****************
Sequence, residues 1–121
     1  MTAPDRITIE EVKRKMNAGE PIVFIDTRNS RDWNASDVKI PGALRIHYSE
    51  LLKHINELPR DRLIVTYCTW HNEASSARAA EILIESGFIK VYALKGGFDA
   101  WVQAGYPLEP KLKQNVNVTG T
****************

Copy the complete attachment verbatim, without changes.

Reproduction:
Sequence, residues 1–121
     1  MTAPDRITIE EVKRKMNAGE PIVFIDTRNS RDWNASDVKI PGALRIHYSE
    51  LLKHINELPR DRLIVTYCTW HNEASSARAA EILIESGFIK VYALKGGFDA
   101  WVQAGYPLEP KLKQNVNVTG T